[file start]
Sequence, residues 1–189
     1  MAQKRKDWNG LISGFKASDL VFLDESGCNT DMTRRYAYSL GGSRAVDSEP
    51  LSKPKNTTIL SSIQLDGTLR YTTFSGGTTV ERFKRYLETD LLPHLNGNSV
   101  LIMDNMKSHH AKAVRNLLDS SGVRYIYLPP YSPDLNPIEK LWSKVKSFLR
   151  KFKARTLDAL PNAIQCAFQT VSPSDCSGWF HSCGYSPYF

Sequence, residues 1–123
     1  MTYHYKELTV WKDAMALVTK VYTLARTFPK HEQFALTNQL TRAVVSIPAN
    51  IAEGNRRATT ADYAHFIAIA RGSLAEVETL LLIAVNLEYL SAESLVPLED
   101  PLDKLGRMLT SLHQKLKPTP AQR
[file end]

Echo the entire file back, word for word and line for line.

Sequence, residues 1–189
     1  MAQKRKDWNG LISGFKASDL VFLDESGCNT DMTRRYAYSL GGSRAVDSEP
    51  LSKPKNTTIL SSIQLDGTLR YTTFSGGTTV ERFKRYLETD LLPHLNGNSV
   101  LIMDNMKSHH AKAVRNLLDS SGVRYIYLPP YSPDLNPIEK LWSKVKSFLR
   151  KFKARTLDAL PNAIQCAFQT VSPSDCSGWF HSCGYSPYF

Sequence, residues 1–123
     1  MTYHYKELTV WKDAMALVTK VYTLARTFPK HEQFALTNQL TRAVVSIPAN
    51  IAEGNRRATT ADYAHFIAIA RGSLAEVETL LLIAVNLEYL SAESLVPLED
   101  PLDKLGRMLT SLHQKLKPTP AQR